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Friday, June 13, 2014

'The Lack of Major Wars May Be Hurting Economic Growth'

Tyler Cowen:

The Lack of Major Wars May Be Hurting Economic Growth: The continuing slowness of economic growth in high-income economies has prompted soul-searching among economists. They have looked to weak demand, rising inequality, Chinese competition, over-regulation, inadequate infrastructure and an exhaustion of new technological ideas as possible culprits.
An additional explanation of slow growth is now receiving attention, however. It is the persistence and expectation of peace. The world just hasn’t had that much warfare lately, at least not by historical standards. ...
Counterintuitive though it may sound, the greater peacefulness of the world may make the attainment of higher rates of economic growth less urgent and thus less likely. This view does not claim that fighting wars improves economies, as of course the actual conflict brings death and destruction. The claim is also distinct from the Keynesian argument that preparing for war lifts government spending and puts people to work. Rather, the very possibility of war focuses the attention of governments on getting some basic decisions right — whether investing in science or simply liberalizing the economy. Such focus ends up improving a nation’s longer-run prospects. ...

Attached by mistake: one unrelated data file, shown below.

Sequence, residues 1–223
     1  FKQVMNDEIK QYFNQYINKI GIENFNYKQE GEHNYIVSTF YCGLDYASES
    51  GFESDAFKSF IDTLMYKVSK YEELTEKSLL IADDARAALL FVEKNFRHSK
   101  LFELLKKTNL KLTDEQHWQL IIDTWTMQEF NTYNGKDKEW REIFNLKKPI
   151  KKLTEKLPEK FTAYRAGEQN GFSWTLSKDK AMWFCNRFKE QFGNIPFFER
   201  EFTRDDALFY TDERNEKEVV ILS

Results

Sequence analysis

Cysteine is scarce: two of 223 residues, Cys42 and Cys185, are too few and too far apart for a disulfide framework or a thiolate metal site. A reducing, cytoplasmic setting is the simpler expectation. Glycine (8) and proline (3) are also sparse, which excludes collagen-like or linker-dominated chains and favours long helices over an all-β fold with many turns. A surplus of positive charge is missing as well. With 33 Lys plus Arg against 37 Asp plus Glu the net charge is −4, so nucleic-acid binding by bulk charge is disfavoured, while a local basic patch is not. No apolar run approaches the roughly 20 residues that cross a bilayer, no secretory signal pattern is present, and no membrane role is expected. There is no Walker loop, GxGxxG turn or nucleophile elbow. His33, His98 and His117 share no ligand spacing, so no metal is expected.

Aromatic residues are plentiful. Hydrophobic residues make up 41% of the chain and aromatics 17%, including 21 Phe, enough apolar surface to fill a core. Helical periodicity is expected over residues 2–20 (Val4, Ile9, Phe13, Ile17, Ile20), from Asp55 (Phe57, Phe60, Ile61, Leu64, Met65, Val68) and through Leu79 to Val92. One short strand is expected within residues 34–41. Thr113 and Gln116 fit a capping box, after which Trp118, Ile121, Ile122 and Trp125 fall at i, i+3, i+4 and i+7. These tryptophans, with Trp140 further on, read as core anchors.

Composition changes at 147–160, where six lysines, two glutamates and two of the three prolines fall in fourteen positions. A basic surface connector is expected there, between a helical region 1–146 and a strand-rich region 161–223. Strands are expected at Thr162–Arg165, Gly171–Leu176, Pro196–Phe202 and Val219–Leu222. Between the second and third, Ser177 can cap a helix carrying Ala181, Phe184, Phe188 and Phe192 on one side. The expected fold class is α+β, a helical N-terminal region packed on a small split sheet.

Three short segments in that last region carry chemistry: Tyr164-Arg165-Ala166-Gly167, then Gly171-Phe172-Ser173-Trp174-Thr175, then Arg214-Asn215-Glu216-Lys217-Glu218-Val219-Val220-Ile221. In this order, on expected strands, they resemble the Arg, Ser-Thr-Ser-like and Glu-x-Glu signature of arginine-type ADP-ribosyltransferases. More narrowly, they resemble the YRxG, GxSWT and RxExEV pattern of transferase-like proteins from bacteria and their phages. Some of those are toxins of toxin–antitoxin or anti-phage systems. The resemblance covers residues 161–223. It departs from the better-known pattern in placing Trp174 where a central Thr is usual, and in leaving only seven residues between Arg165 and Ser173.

Posted by on Friday, June 13, 2014 at 08:44 AM in Economics | Permalink  Comments (93)

          


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